Conceived in 1897, Gérôme’s Magdalene is the work of an experienced and acclaimed sculptor, who had turned to sculpture relatively late in his career, at the age of 54. Following the unveiling of his first three dimensional work, The Gladiators, at the Salon of 1878, Gérôme had gone on to model his celebrated Tanagra in 1890 and, in the same year, unveiled Ancient Dancer. These three early works reveal the artist’s interest in classicism and his desire to recapture the polychromy of the ancient past. The Magdalene, by contrast, was Gérôme’s first sculpture with a religious subject, and the first with an overtly Middle-Eastern flavour, recalling his earlier Orientalist paintings. The Saint’s exotic costume has an ethnographic quality, and can be compared with the elaborate uniforms of the bashi-bazouks and the sensuous clothing of the belly-dancer in his 1863 canvas, Dance of the Almeh, which was probably inspired by a journey to Egypt and the Near East in 1862.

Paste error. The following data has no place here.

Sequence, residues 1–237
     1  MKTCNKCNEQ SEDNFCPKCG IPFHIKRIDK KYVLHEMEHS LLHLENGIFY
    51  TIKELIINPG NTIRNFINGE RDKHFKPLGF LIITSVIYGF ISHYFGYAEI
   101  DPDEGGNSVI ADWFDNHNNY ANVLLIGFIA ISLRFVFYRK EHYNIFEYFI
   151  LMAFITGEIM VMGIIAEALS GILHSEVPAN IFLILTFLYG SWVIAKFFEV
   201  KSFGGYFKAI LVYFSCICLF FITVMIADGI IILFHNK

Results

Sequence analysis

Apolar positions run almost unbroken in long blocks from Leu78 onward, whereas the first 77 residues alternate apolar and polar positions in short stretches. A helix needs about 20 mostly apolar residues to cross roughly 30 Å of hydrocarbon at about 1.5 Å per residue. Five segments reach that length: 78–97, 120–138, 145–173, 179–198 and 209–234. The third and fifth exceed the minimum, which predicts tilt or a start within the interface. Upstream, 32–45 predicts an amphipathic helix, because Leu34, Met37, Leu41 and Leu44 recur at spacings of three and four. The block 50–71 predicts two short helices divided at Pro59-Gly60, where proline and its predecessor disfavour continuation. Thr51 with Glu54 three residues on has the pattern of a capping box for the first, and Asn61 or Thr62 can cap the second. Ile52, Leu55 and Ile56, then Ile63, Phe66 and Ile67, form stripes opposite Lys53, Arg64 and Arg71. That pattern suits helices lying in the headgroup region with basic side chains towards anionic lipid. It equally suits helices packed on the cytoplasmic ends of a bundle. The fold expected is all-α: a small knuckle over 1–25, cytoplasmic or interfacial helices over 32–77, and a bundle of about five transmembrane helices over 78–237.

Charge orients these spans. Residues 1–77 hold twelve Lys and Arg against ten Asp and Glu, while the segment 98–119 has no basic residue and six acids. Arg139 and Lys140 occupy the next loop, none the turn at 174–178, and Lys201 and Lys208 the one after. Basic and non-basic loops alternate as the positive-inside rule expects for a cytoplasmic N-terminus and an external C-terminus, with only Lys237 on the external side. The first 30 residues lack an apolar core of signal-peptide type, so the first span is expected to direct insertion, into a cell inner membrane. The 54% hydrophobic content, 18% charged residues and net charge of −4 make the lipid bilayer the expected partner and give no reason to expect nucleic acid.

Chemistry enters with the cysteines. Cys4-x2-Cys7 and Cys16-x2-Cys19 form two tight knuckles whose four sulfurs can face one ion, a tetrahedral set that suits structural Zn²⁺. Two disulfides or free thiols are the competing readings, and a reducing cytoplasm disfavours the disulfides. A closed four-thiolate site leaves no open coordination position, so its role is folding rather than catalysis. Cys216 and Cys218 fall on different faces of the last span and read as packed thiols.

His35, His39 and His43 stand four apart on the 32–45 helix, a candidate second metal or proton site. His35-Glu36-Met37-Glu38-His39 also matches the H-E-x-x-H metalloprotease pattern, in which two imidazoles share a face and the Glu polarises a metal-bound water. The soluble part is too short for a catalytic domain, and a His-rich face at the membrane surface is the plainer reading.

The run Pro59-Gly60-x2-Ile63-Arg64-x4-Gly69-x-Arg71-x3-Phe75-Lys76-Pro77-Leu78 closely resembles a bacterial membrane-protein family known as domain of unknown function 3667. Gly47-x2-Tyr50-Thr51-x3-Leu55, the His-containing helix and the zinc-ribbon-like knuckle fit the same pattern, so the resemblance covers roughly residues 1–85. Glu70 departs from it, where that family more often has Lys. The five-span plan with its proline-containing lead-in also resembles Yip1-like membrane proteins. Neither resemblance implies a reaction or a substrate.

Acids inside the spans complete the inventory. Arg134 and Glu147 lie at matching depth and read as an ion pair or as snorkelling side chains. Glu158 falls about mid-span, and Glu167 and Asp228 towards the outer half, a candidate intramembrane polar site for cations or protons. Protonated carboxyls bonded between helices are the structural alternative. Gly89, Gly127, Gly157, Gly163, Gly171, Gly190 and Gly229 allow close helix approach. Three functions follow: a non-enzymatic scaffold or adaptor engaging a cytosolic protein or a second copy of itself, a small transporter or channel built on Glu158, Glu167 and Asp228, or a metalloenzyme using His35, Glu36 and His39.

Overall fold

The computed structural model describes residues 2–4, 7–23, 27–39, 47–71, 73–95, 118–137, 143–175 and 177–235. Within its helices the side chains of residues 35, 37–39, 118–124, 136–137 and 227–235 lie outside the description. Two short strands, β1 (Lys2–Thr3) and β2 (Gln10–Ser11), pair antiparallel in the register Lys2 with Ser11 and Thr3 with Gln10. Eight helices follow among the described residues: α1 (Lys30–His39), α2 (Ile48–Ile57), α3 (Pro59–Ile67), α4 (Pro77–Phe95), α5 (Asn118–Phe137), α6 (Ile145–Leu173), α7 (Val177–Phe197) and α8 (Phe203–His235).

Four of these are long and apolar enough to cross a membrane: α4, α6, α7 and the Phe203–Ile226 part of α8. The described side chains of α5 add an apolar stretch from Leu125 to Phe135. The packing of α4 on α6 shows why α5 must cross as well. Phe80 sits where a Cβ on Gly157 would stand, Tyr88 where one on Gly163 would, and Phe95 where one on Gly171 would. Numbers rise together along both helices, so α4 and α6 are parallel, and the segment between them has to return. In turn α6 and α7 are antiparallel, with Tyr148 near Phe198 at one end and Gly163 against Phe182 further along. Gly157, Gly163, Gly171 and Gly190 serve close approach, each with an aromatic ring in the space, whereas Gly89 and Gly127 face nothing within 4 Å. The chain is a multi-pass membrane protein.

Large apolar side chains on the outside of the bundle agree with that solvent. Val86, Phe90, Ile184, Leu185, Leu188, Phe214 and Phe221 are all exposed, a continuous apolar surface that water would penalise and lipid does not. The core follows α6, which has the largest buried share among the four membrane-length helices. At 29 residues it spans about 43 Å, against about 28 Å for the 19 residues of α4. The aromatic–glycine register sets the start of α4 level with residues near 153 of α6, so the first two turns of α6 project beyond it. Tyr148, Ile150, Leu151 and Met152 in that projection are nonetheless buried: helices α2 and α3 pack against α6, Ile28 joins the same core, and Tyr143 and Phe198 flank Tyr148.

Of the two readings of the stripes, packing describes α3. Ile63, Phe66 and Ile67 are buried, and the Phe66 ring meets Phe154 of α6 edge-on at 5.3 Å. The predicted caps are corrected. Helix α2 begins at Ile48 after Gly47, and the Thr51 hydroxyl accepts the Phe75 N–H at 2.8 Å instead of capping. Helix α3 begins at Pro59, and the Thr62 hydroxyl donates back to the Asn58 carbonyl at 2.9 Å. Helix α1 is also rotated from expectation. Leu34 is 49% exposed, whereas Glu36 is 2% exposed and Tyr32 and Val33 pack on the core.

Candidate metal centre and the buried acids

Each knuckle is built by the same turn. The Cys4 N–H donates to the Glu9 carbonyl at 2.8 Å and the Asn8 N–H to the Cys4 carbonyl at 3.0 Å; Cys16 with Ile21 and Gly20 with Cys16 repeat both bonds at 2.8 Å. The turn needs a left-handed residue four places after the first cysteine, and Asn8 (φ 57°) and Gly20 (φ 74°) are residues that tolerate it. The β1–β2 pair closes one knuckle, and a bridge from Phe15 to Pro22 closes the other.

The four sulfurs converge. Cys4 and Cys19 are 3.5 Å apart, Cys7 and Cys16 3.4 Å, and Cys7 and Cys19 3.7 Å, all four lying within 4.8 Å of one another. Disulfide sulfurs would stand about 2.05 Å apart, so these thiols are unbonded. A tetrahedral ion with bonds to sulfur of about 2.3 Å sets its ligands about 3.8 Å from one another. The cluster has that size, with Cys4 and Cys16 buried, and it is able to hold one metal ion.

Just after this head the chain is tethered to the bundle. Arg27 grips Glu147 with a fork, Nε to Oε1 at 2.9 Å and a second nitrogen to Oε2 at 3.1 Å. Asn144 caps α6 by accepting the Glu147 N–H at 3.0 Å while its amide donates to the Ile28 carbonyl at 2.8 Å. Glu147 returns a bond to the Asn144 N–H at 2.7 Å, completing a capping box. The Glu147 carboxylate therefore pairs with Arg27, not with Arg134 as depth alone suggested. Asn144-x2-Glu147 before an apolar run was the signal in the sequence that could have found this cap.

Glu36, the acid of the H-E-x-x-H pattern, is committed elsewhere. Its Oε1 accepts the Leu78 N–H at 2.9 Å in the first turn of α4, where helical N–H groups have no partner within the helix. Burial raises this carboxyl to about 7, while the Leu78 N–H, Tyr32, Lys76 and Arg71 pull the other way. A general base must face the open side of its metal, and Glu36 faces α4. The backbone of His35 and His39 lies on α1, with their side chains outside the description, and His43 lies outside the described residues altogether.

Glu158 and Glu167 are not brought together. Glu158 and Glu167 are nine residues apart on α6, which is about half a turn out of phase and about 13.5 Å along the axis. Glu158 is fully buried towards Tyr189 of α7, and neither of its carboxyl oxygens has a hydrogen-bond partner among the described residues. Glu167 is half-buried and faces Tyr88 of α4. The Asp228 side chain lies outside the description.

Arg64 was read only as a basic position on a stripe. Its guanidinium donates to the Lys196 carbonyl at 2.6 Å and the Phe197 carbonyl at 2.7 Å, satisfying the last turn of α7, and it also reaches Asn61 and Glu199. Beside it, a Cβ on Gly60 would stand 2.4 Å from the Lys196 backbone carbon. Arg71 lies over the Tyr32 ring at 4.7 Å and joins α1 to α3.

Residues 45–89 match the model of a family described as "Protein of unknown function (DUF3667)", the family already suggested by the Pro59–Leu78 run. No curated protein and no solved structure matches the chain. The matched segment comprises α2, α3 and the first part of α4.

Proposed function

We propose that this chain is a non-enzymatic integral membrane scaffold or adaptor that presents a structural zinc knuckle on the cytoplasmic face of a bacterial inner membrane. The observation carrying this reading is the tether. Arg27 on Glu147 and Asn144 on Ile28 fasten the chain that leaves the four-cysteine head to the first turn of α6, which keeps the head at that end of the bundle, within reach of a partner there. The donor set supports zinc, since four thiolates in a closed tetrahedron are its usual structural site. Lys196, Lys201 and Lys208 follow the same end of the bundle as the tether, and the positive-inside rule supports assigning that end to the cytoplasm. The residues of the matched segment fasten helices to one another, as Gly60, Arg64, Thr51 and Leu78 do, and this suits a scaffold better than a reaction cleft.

The Magdalene is directly taken from Gérôme’s painting, The Entry into Jerusalem, also completed in 1897 and today in the Musée Garret, Vesoul (Ackerman, op. cit. no. 441). In the painting, Mary stands before the gates of the city, a crowd behind her, welcoming Christ with a palm branch in one hand and an open palm with the other, a pleasing visual pun; Christ returns the gesture with a sign of blessing. Gérôme’s sculptural version of the Magdalene is deliberately more schematic in appearance, the pose rigid and ceremonial, lending to the figure an air of religiosity, which might otherwise not be wholly apparent, given her eroticised dress. Gérôme also modelled the figure of Christ on the donkey in sculptural form, in his Les Rameaux, of which a cast was sold in these rooms on 10 July 2019, lot 91.